Today, people put their pronouns in their email signatures, and many bathrooms make a point of welcoming anyone who identifies as a man or woman to use them. Some places drop gendered washrooms altogether.

But Friedman saidthere’s still progress to be made, especially when it comes to transgender people of colour, who may not always be as visible or represented in the media as white LGBTQ people.

Drake

When ”Thank Me Later” came out in 2010, few could have known that the Canadian artist — described at the time on review site Pitchfork as ”emo-y” — could have become one of the world’s most dominant artists. He was the most-streamed artist of the decade on Spotify, and his music helped put Toronto on the map as a city with a hip-hop identity.

“Perhaps above all, however, is his ability to appeal to a wide variety of fans who might identify with various aspects of his multi-faceted persona,” said Ken McLeod, an associate professor of musicology at University of Toronto.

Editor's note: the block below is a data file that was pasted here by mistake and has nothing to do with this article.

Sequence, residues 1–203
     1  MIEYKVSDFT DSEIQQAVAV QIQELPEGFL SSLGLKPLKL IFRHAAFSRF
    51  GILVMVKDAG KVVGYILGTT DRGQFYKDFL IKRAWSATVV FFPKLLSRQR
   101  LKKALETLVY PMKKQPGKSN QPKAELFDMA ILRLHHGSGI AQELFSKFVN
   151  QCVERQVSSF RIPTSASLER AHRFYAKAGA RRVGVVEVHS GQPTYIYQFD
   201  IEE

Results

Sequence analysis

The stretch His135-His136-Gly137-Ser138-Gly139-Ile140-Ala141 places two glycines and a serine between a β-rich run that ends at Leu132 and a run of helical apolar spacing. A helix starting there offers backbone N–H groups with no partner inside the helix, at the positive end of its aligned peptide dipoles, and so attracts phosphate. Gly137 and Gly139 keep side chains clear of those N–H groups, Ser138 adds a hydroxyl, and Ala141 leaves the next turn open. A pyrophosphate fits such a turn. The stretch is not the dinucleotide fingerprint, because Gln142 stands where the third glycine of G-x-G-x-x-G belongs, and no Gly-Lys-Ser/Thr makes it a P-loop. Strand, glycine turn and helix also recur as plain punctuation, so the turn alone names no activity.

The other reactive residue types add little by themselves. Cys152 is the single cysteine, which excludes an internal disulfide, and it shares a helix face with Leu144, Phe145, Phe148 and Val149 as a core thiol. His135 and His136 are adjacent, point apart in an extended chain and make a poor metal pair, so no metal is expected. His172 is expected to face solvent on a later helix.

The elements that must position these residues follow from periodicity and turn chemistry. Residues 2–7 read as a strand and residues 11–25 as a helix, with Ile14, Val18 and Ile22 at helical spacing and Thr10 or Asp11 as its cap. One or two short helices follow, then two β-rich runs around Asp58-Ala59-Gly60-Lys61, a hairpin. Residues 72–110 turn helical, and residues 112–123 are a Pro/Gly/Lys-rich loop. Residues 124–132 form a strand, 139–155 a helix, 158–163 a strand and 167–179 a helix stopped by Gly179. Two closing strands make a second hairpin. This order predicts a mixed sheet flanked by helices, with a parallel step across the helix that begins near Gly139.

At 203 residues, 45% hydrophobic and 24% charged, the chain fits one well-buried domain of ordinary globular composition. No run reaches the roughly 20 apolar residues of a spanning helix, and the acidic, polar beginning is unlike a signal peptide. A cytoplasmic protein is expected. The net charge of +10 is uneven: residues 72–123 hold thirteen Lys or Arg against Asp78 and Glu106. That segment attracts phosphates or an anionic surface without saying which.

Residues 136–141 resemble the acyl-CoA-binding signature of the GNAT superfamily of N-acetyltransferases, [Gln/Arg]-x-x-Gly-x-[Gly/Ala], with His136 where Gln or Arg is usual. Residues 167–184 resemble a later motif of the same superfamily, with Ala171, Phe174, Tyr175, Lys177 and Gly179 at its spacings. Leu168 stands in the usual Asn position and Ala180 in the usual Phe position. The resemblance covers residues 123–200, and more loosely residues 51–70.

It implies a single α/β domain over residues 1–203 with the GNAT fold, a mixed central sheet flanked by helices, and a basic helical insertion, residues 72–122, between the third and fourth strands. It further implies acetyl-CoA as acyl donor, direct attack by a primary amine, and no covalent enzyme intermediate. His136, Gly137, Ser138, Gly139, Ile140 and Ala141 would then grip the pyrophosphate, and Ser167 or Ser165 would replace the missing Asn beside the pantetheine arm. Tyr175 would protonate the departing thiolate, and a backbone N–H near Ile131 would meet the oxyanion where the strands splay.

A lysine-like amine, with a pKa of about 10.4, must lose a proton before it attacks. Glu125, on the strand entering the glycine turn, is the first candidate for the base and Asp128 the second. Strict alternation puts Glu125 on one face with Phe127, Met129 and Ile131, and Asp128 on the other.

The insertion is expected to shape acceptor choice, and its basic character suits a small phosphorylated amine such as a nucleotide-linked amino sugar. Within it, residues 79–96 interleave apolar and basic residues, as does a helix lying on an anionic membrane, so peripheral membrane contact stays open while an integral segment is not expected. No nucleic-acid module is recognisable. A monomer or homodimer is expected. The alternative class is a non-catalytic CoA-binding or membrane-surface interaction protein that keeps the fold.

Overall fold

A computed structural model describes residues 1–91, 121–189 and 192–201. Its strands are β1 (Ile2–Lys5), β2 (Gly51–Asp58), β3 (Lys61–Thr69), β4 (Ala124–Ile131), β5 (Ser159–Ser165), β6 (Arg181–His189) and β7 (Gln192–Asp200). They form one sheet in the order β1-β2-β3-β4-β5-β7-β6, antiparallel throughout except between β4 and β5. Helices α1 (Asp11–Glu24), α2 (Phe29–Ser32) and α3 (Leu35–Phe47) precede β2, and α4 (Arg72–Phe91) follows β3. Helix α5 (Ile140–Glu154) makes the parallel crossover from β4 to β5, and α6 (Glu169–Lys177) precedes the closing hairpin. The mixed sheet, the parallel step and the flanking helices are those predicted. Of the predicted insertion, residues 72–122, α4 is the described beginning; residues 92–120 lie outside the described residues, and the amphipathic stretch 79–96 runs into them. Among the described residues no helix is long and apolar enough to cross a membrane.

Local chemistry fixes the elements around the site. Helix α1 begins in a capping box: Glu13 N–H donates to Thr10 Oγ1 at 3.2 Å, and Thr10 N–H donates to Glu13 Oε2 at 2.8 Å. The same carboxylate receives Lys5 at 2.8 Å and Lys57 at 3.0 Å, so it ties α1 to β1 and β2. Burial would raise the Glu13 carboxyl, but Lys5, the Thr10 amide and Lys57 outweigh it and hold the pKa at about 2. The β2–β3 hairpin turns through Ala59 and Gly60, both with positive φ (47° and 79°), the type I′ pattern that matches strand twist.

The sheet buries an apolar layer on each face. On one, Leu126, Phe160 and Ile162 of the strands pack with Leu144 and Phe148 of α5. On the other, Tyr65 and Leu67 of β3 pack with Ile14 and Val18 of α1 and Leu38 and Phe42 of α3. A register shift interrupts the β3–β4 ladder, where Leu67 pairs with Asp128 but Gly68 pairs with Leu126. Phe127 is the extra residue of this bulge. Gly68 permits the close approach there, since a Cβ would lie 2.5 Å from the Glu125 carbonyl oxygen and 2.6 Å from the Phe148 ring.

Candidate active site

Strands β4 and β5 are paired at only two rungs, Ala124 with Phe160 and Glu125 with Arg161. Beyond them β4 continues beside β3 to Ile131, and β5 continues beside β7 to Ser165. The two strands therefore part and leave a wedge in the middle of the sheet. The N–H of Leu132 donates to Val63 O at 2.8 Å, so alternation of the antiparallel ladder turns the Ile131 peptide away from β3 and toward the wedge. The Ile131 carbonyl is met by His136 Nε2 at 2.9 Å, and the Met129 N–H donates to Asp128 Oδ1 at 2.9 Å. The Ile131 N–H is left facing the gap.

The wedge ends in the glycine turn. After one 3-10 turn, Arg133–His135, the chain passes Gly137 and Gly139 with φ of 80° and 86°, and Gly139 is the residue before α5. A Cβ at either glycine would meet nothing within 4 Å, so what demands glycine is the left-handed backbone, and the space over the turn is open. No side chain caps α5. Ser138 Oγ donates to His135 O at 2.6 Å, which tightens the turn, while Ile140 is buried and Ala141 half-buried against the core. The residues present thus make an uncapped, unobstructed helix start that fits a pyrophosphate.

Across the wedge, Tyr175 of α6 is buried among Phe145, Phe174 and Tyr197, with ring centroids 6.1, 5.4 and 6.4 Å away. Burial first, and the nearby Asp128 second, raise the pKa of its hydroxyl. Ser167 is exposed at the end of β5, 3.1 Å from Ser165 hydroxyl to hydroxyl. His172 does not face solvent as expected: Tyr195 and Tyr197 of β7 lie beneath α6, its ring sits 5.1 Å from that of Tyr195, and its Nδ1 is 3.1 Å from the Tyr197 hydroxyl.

“Over the past decade where streaming services have broadened musical tastes, and where ethnic and musical diversity are increasingly valorized, he metaphorically sits in the middle of a cultural and stylistic Venn diagram.”

Real estate

Home prices have more than doubled since the start of the decade, outpacing income by a large margin and putting home ownership out of reach for many young people in two of Canada’s biggest cities, says John Pasalis, president of real estate site Realosophy.

Back in 2010, Pasalis estimates housing prices in Toronto were about five times more than average yearly income, whereas now they’re roughly eight times more. He said the situation is similar in Vancouver.

“Today’s generation of first-time buyers is battling with sky-high rents and a market that is a lot harder to get into than ten years ago,” said Pasalis. ”It’s harder to save and it’s harder to get into the market.”

Market control measures from governments have had mixed impact. Pasalis said in Toronto, a mortgage stress test led more people to buy condos and vastly inflated their pricing. In Vancouver a foreign buyer’s tax has softened the market, but prices there are still sky-high.

The Toronto Raptors